America’s Failed 401(k) Experiment
While the unfunded pension liabilities in many public retirement funds have received an inordinate amount of attention, the larger retirement deficit of most Americans is not generating the level of concern that it deserves. Individuals who have been left on their own to save for retirement in 401(k) accounts face challenges that are not being met. As a result of the financial crash that led to the worst economic crisis since the Great Depression, the retirement savings of most baby boomers — which were already inadequate — were reduced to levels that may create genuine impoverishment as the boomers retire and enter their 70s.
Because 401(k) accounts are rarely professionally managed, individuals are often exposed to excessive risk. When the market goes bad, individual investors are hit the hardest. Many Americans with 401(k) accounts lost one-third to one-half of their "nest-egg" when the equity markets collapsed in 2008 and 2009. Because most boomers are now well over 50 years of age, they have little time to accumulate adequate retirement savings.
Rather than focusing on the real problems facing most future retirees, much of the media has been focusing instead on problems facing public retirement funds. While the funding levels of some of these plans will present real challenges in the future, the problems can be resolved over a period of 30 years under generally accepted accounting rules. What’s more, the combined deficit in our major state and local government retirement systems represents less than 2 percent of total state and local government spending over the coming 30-year period. When we consider that many state and local government budgets have been cut by 10 percent to 40 percent over the past three fiscal years, it’s not too difficult to see how governments can rebuild their pension funds once the economy recovers and tax revenues return to more normal levels.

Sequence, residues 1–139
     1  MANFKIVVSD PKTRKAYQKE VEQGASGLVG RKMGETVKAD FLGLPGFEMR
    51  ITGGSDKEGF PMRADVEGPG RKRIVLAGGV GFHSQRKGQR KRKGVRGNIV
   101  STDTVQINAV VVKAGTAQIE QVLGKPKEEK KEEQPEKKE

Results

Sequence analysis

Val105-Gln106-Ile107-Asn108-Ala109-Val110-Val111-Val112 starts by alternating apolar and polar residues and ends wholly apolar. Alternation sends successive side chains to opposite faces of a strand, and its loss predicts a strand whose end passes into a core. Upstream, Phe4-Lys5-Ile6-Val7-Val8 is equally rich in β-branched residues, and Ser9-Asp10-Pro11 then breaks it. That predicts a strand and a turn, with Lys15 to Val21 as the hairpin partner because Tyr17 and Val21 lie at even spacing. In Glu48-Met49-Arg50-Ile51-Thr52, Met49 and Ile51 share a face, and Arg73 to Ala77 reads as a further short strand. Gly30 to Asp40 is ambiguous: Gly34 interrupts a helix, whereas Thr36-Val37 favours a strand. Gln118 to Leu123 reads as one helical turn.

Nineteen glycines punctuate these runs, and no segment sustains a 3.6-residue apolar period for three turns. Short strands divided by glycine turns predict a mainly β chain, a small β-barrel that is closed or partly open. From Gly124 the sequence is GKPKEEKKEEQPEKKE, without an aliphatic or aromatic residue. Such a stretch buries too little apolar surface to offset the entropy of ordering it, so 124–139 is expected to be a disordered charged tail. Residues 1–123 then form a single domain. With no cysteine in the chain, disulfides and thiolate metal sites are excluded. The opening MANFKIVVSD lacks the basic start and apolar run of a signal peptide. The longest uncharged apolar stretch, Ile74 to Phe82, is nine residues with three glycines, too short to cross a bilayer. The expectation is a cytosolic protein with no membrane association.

Most government pension funds have 70 to 75 percent of the assets necessary to provide promised benefits. On the other hand, the median 401(k) balance for workers who have had consistent access to such an account was just $43,700 at the end of 2008. But, most employers do not offer such access, and many workers do not have the ability to consistently save. So, the median account balance of all 401(k) accounts is less than $13,000, barely a fraction of what is needed for a secure retirement. In aggregate, the gap between what Americans have saved and what they will need in retirement has been calculated at $6.6 trillion.
The contrast is clear: While public pensions have decades to cover their relatively small deficit, many individuals must accumulate sufficient savings in little more than a decade. Given our current financial straights, this may be impossible.
The public policy implications of these facts are real – and severe. The longer we delay addressing this issue, the more intractable the problem will become. Ironically, at the very time our retirement savings crisis is demanding attention, some politicians think a reduction in Social Security benefits is essential. Republican Leader John Boehner, for example, supports an extension of the retirement age to 70. This may sound like a good solution to our problems for him, but it simply makes retirement less secure for most Americans.
So, what can be done? First, we need to recognize that our current retirement programs, based on individual accounts such as 401(k) plans, are a failed experiment. Enacted during the late 1970s and early 1980s, we now have the experience of a generation to clearly demonstrate that individual investors do not have the skills, time or interest to properly mange their retirement investment portfolios. Indeed, a study by the National Institute on Retirement Security found that professionally managed pensions can deliver the same level of retirement benefits at half the cost of a 401(k)-style plan. This means we must investigate policy options that combine the portability features of 401(k) plans with the professional investment management, long terms asset growth strategies, shared risk and guaranteed income streams that make traditional pension plans so efficient.
Second, we need to stop inflicting unnecessary damage to our fragile retirement systems. Attacks on Social Security and traditional public and private sector pension plans only make our problems worse. We need to provide our pension systems with sufficient time to recover from the aftershocks of the implosion of our economy. No one is seeking a "bailout." Rather, we simply need to allow pension plans to function as intended, with a reliance on long-term growth strategies to weather the ups and downs of an increasingly volatile investment environment.
At the end of the day, our traditional pension systems will remain strong and will continue to be the cornerstone of retirement security for those Americans fortunate enough to participate in such programs. For these and other Americans, Social Security will almost always be the bedrock of a secure retirement. But, for the tens of millions who must rely on Social Security alone, more must be done to help them save in order to live out their elder years in dignity. The sooner we have a serious conversation about this issue, the better.